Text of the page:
|Evang. sermon text||RC. 1. Reading||RC. 2. Reading||RC. Gospel|
|Luke 18:28-30||Isa 55:6-9||Phil 1:20-24, Phil 1:27a||Mt 20:1-16a|
A ‘Living wage’ here and there – preaching suggestions
The two pericopes Luke 18: 28-30 and Mt 20: 1-16a connect the subject of wages: Luke is concerned with the wages (‘rewards’) of Discipleship, while Matthew’s text concentrates with the wages (‘rewards’) to be paid in heaven. A wage should ensure a person a secure existence. Luke considers two other aspects also important for this secure existence, a house as a material basis and the social network of a large family. However, whoever does not belong to one of the few wealthy landowners’ families, in other words the great majority of the population – has to rely almost entirely on the sale of his own manpower and from the wage that he or she receives. 
Work, and thus also paid labour, is inherent to the human image of the Bible. It is life-long and sweaty toil (Gen 3: 17ff.), which ensures the upkeep of a family. The right to a living wage is therefore, neither in the Old Testament nor in the New Testament a mere marginal theme but rather, again and again, the litmus test of justice. The basic meaning of the Hebrew verb for remuneration is “to give tit for tat”. In Greek there are several terms, two of which are found only in Christian literature, and underline the importance of this subject in the New Testament.
Throughout the Bible, the principle formulated by Jesus in Luke 10: 7 for his disciples, is that the worker is worth their salary regardless of their relationship to the employer and the nature of the work.  Refusal to pay is contrary to God’s commandment and provokes judgement.  Particularly drastically in Ecclesiasticus: “Whoever does not give the labourer his reward is a bloodhound.” It is always clear that wages are for the upkeep and protection of livelihood. It is therefore expressly stipulated that those who are at the bottom of the wage pyramid and whose wages only just amount to the minimum subsistence level (that is ‘day labourers’) are to receive their wages on the same day on which the work was rendered. 
Because of the general anthropological importance of work, gainful employment and fair pay are of lasting importance as social ethical issues, despite the profound changes in the working society. Living wages are a basic pillar of equity and are, for example discussed in the EKD Memorandum”Gerechte Teilhabe” (“Just Participation”) of 2006. “There is a particular need to monitor on a permanent basis, the developments in the low-wage sector. The phenomenon of ‘working poor’, i.e., of working people, whose remuneration cannot lift them out of poverty, deserves more attention in the face of increasing pressure on wages, even in ecclesiastical institutions. A low-wage sector must not become an area where workers are exploited by a wage spiral that keeps moving downwards.”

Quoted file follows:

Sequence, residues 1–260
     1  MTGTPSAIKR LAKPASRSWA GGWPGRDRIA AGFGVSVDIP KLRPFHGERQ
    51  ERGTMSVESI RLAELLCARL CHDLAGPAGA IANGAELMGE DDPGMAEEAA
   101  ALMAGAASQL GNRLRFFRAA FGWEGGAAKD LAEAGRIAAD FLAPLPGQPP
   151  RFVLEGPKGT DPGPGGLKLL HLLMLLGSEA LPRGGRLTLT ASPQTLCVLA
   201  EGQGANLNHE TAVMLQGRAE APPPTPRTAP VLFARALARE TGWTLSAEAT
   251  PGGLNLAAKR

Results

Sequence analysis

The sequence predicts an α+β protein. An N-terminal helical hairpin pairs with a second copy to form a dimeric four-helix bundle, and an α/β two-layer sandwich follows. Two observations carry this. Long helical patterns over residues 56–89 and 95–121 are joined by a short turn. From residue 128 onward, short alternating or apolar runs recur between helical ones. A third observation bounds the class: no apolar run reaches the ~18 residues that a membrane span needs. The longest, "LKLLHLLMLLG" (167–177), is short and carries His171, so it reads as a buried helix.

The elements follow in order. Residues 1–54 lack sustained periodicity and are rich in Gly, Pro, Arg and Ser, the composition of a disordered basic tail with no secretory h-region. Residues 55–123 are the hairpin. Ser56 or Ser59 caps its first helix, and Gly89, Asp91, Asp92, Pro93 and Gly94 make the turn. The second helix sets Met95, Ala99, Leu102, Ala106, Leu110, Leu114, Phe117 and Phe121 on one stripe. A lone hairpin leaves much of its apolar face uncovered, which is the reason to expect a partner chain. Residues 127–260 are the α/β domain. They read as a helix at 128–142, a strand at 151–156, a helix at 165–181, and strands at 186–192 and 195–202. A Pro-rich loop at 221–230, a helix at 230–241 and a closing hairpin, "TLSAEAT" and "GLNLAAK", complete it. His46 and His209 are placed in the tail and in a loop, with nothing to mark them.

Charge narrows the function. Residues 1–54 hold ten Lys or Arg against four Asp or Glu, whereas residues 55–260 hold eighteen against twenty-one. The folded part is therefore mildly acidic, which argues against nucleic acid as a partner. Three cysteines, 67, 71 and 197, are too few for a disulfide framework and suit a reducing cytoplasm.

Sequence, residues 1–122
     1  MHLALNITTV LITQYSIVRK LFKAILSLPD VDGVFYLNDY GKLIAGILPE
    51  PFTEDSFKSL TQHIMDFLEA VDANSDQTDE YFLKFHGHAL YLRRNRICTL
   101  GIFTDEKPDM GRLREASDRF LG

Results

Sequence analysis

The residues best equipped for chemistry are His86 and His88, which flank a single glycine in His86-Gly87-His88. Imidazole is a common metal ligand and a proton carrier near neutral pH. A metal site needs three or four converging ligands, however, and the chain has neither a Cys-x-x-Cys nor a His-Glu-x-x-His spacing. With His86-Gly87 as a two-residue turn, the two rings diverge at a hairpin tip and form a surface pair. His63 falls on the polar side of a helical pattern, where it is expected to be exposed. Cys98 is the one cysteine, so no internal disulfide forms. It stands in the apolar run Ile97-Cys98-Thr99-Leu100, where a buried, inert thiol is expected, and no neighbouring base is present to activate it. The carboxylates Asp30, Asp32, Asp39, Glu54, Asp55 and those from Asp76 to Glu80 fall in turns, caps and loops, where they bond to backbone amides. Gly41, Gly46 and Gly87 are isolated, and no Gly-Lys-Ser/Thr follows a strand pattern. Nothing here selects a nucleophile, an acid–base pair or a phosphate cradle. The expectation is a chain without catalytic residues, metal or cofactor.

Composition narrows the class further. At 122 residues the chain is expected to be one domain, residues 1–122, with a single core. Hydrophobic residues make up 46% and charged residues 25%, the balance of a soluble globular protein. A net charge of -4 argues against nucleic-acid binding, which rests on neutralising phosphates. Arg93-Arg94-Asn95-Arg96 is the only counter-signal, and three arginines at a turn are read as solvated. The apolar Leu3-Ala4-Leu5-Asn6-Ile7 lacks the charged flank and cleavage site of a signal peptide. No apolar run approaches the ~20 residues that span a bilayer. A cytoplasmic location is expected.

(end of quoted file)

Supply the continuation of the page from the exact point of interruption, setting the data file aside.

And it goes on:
The right to a Living Wage is contained in the central documents of the Declaration and the Implementation of Human Rights, as stated in the Universal Declaration of Human Rights  and ILO Conventions Nos. 95 and 131. Not only, but especially in the textile industry is it a widespread worldwide practice for employees to pay a wage for a 48-hour working week, with which the workers cannot even meet their basic needs. This practice violates human rights.
In the textile industry, the problem of low wages in all countries, from China, India, Cambodia and the Central American countries to the countries of production in Eastern Europe, such as Romania, Bulgaria and Turkey, is almost the same. The wage situation can be well described by comparing the cost of living with the level of wage. Above all, low wages are the most pressing problem of the millions of women textile workers in Asia, Latin America and Eastern Europe, whose lives are often characterized by working hours far beyond the permissible level and the constant concern for the care of their families. In terms of social policy, wages below the subsistence level mean that large parts of the population from these countries cannot escape from poverty, even though they have a formal employment relationship.